By Florence Broderick, Solutions Marketing Senior Manager, Carto
Traffic congestion is one of the biggest problems facing today’s cities, posing a serious challenge for traffic managers and urban planners. Accelerated population growth means that the number of vehicles in cities are growing exponentially. Municipal leaders need to understand today’s connected commuters when coming up with innovative solutions to fix a complex problem like traffic congestion.
CARTO Traffico, the latest (as of the time this article was written) location intelligence solution is a simple solution built to help cities and local governments address the urban mobility challenges using crowdsourced data.
CARTO Traffico makes it easy for cities to integrate crowdsourced GPS data from Waze, open data sources, and more traditional traffic data streams, to gain real-time mobility insights. The app also allows traffic managers to analyse real-time and historical city data made available through the Waze Connected Citizens Program.
CARTO has joined the Waze Connected Citizens Program, a partnership resulting in a data exchange, which empowers local leaders to confront traffic-related issues with real-time, anonymous location data provided by drivers themselves.
Until now, it has been tough for cities to find intuitive ways to bring together real-time crowdsourced data with existing data streams from different city departments, all into one single interface. However, with Traffico, city operations managers and urban planners can share a single resource to find insights that allow them to:
- Identify city locations with high volumes of short trips and/or circuitous routes. These are areas where new infrastructure projects could reduce congestion if public transportation were more accessible or if more direct routes were available.
- Determine when repair and maintenance work for transportation systems will cause the least disruption. This can be done by running origin-destination analyses with GPS data and sensor data.
- Provide transparency to their citizens about where and how infrastructure investments are reducing traffic congestion in their cities.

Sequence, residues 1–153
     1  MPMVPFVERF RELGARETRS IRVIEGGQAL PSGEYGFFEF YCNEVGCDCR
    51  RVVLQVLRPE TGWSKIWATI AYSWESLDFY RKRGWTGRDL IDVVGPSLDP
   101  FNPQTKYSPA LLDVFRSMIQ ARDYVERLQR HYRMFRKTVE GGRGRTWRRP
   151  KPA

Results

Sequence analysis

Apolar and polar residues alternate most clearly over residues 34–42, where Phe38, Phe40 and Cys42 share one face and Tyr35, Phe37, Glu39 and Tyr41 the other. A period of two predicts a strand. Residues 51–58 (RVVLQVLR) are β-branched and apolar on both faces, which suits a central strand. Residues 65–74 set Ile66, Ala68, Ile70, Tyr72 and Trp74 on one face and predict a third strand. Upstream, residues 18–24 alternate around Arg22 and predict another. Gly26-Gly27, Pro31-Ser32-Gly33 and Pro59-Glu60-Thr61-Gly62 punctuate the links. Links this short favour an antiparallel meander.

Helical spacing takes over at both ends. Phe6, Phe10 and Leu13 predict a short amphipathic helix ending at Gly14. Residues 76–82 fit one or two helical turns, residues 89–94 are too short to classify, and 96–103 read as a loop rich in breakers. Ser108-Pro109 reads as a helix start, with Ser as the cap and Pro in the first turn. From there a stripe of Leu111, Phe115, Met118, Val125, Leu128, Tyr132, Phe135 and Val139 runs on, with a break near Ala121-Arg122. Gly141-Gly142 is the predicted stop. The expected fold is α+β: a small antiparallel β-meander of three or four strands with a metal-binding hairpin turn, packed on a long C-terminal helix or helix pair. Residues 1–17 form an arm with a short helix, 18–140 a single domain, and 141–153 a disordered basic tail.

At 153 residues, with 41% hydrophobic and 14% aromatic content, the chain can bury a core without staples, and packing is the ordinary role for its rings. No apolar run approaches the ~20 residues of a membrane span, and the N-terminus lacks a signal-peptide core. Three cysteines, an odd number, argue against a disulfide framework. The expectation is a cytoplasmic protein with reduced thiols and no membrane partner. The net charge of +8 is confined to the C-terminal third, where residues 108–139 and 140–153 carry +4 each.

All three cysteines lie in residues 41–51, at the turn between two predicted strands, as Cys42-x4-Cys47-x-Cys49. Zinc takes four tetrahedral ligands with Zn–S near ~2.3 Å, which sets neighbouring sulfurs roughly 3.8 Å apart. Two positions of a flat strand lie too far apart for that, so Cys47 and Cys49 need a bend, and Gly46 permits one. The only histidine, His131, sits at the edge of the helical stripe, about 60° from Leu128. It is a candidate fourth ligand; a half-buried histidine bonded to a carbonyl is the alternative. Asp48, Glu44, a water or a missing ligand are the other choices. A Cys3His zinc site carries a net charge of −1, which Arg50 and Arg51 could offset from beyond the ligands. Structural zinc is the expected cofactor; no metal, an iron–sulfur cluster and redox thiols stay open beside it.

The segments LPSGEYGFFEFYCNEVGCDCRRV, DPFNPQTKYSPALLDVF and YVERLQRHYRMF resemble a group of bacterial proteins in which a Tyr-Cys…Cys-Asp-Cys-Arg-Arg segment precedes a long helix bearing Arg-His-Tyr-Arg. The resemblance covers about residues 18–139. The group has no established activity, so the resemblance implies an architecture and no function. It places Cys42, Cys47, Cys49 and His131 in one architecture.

Let’s take a closer look at:
- CARTO Traffico’s participation in the Waze Connected Citizens Program
- How the solution works with new data streams
- What services this new location intelligence solution provides city and municipal leaders
- Why Traffico is redefining what it means to be data-driven in the city of Madrid!
CARTO Traffico and the Waze Connected Citizens Program
Personal navigation apps have come under fire for displacing rather than solving traffic congestion. Drivers looking to avoid delays end up taking a detour through residential areas — which are not built to carry high traffic volumes.
Unfortunately, this commuter-centric approach to traffic management has caused unintended problems such as delayed incident response times to residential areas because of unexpected traffic congestion.
It is true that navigation apps have led to a behavioural change in citizen transportation. However, it is also true that traffic managers and urban planners can glean unrivaled insight into mobility patterns by working with location data from these apps. This data can help them better understand and prepare for the impact that these behavioural changes can have on their cities.
The Waze Connected Citizens Program (CCP), launched in 2014, adopts a community-centric rather than a commuter-centric approach to addressing today’s mobility problems. The two stated goals of the programme are: